DEPUTY PRIME MINISTER
Private meetings. The Deputy Prime Minister attends Question Period.
Conservative Leader Erin O’Toole held a news conference at West Block.
NDP Leader Jagmeet Singh participates in an online conversation on violence against women on the National Day of Remembrance and Action on Violence Against Women.
No schedule released for Bloc Quebecois Leader Yves-François Blanchet.
Campbell Clark (The Globe and Mail) on how déjà vu 2021 election weakens Liberal hand in disputes with Parliament: “Where once the government fenced with the opposition majority in Parliament, rebuffing requests, stalling for time and sometimes threatening an election, they are now forced to offer compromise. The inconclusive 2021 election has done one thing: It has taken away some of the Liberals’ tools for stymieing Parliament. The Liberals can’t wield the ultimate weapon that minority government has when opposition parties band together to make uncomfortable demands – that is, threatening an election that one or more of those parties wants to avoid. This year’s election sent one main message: that the Liberal government should never have called it. They can’t pull the plug on this Parliament for a few years, at least. That makes stalling for time pretty tough, too.”
Kelly Cryderman (The Globe and Mail) on how Alberta benefits from higher crude prices, but anxiety also runs high: “Soaring prices for consumer goods is a complicated issue for Alberta. The province benefits wildly from high commodity prices, but just like everyone else in the world, people here are being hit by increasing costs in a still-shaky economy. The country’s inflation rate is speeding upward alongside those of other countries, including the United States, that are struggling with supply-chain issues as consumer spending rebounds. Households are paying more for groceries, new vehicles and fuels such as natural gas and gasoline.”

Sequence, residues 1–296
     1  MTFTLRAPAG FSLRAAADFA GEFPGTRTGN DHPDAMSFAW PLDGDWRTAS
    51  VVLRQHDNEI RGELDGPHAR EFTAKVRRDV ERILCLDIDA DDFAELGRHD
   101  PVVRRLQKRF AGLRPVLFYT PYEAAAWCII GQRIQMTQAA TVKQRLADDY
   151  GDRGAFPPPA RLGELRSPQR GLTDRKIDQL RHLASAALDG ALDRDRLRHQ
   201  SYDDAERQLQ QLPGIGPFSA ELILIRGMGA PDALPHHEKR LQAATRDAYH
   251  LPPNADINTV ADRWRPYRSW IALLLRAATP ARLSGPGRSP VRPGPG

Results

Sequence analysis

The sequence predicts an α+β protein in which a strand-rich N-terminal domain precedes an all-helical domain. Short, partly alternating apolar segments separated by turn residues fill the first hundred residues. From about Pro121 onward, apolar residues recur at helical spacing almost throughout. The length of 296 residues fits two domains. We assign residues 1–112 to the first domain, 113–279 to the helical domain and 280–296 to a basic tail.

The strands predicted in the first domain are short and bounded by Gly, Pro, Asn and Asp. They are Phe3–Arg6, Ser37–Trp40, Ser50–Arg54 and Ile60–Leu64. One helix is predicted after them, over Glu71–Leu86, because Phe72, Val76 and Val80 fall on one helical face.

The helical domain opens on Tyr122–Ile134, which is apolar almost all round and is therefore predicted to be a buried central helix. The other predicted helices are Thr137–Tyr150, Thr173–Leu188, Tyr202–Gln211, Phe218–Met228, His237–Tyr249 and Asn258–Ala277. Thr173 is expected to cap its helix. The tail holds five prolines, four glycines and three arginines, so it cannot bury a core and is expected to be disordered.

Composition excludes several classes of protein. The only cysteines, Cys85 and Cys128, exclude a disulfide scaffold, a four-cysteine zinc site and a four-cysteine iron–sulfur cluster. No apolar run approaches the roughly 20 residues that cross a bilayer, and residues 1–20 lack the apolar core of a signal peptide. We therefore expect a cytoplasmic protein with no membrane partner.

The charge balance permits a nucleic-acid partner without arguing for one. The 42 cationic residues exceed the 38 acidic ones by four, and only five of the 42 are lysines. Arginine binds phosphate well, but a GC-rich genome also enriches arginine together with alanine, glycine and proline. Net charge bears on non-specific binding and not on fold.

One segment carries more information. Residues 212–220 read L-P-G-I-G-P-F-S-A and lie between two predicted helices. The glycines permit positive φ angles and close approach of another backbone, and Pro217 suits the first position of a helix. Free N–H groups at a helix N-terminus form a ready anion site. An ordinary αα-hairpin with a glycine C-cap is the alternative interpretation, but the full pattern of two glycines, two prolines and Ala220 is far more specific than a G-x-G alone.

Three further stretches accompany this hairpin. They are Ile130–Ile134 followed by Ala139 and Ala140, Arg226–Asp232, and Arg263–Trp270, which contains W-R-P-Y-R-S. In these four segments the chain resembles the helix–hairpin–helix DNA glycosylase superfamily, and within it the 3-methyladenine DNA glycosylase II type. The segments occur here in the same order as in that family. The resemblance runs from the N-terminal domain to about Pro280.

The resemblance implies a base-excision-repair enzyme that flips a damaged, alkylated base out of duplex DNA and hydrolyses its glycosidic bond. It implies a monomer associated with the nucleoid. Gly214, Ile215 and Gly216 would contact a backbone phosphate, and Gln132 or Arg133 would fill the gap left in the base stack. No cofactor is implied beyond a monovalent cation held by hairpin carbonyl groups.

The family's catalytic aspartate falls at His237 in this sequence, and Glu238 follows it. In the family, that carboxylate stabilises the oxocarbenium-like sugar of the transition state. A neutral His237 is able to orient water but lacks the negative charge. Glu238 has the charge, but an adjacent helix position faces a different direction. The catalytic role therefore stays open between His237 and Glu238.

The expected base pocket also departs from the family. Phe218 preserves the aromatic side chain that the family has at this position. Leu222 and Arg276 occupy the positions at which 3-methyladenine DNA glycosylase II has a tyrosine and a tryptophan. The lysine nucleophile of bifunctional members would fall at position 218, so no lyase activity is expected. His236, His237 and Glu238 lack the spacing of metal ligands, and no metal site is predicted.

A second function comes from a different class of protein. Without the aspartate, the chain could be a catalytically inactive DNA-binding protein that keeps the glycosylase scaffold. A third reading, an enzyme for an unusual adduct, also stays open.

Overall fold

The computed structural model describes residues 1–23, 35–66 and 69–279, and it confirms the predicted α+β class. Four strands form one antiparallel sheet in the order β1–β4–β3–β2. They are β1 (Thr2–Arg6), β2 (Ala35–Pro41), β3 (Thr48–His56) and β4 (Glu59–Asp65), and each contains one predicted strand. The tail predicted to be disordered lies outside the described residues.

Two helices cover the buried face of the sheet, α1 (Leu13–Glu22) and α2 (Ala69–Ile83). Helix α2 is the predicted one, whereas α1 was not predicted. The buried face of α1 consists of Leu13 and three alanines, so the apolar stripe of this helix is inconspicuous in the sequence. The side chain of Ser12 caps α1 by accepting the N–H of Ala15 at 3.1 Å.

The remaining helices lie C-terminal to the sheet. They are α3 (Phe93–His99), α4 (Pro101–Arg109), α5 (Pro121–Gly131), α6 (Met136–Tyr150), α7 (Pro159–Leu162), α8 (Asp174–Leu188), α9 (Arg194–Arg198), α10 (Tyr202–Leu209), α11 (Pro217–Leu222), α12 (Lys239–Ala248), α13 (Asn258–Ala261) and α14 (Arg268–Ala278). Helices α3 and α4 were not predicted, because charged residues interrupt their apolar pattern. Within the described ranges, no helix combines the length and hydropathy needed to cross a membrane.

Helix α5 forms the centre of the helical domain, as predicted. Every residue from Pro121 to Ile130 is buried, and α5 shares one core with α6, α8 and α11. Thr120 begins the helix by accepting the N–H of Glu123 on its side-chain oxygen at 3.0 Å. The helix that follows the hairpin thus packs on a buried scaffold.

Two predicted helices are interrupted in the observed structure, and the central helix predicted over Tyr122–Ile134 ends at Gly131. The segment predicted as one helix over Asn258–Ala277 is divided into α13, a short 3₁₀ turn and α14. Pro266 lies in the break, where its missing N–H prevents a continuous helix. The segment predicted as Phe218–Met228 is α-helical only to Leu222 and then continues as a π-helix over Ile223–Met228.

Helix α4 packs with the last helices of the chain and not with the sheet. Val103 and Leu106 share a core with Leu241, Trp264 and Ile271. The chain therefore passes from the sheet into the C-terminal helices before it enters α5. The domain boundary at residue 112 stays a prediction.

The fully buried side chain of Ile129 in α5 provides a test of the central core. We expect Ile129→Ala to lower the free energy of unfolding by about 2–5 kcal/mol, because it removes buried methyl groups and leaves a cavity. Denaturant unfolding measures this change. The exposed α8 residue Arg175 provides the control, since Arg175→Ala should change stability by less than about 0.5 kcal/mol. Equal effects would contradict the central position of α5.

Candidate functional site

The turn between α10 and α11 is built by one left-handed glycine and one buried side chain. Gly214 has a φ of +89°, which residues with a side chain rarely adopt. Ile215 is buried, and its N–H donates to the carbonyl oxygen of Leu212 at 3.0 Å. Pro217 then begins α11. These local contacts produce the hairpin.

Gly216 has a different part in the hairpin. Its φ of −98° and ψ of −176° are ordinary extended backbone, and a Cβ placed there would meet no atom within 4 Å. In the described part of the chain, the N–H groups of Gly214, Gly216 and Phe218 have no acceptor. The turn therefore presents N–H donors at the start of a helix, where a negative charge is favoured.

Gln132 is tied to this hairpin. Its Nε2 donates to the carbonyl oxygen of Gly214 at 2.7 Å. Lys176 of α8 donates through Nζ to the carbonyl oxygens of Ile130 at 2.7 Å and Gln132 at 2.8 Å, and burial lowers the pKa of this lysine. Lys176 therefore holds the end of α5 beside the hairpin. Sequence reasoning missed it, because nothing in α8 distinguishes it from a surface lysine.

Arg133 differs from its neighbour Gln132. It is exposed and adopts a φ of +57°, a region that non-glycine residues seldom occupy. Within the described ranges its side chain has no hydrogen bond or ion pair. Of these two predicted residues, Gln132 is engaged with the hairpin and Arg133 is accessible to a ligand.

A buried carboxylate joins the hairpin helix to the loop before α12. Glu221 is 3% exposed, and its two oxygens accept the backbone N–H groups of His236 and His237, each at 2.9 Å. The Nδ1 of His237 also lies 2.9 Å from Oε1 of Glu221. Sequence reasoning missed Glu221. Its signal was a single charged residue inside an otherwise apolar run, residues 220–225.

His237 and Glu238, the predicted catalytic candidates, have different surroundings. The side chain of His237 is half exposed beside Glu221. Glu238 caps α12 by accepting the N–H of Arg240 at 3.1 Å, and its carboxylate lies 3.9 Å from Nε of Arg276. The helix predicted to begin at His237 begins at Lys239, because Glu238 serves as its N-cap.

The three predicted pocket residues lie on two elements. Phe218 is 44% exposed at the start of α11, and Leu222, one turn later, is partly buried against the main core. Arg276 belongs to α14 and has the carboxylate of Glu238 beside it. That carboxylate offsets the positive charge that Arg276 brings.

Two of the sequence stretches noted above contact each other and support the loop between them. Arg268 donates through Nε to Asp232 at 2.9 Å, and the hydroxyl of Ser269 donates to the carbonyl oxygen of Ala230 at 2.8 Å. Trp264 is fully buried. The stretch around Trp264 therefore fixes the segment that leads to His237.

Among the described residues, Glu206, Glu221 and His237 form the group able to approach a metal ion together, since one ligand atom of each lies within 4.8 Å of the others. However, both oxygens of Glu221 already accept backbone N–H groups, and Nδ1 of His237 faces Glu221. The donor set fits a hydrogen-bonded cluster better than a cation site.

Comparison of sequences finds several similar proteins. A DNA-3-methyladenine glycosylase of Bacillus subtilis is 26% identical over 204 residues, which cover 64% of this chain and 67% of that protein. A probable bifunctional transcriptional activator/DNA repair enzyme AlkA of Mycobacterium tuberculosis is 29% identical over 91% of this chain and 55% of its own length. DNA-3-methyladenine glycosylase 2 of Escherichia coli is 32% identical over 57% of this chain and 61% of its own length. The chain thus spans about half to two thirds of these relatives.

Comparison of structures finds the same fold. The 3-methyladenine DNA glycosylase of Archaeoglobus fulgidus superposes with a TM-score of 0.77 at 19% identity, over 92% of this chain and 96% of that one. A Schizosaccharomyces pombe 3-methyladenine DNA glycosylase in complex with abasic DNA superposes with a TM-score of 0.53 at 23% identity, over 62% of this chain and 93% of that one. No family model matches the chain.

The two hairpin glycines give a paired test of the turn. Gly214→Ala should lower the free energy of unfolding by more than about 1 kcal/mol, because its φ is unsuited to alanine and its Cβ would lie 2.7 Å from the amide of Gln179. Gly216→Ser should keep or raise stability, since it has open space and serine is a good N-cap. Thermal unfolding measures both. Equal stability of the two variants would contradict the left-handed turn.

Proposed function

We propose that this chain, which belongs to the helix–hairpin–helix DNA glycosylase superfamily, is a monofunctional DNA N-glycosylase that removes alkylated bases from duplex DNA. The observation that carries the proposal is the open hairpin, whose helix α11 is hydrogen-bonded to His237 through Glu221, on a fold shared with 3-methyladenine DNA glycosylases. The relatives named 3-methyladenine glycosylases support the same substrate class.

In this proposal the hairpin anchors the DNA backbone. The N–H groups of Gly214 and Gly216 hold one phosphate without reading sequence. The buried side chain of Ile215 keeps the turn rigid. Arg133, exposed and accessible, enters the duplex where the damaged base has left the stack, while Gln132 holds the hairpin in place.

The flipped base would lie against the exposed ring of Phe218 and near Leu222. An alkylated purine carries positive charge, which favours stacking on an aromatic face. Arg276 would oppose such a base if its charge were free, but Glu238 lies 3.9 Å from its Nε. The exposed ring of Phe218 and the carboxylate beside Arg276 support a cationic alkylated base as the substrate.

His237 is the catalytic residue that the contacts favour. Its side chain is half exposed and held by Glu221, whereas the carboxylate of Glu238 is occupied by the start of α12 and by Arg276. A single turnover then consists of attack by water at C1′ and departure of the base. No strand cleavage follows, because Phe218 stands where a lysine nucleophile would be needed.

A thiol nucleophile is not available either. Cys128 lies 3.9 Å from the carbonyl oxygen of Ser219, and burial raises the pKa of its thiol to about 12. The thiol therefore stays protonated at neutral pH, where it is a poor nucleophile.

Allison Hanes (The Montreal Gazette) on how Dec. 6 remains a painful anniversary: “We may not have known les filles de Poly ourselves, but somehow their deaths and the coldblooded hatred of the man who shot them feel personal. Maybe it’s because many of us see ourselves in the fallen. The feeling that ‘it could have been me’ haunts both old and young. Whether we remember where we were when we heard the horrifying news or how we first learned about this dark day in history, the anniversary prompts us to revisit every sexist slight we’ve experienced, every barrier we’ve had to overcome, every time we’ve felt vulnerable because we are women.”
Paul Wells (Maclean’s) on some of the questions that prospective successors to Justin Trudeau as federal Liberal leader need to ask themselves: “If you’re François-Philippe Champagne or Mélanie Joly or Mark Carney or Anita Anand—names that often figure in speculation about Trudeau successors—you have to ask yourself two questions, starting right now. First, are you going to be a candidate for leader? Second, is there a subtle way to stop Chrystia Freeland?”
Send along your political questions and we will look at getting answers to run in this newsletter. It's not possible to answer each one personally. Questions and answers will be edited for length and clarity.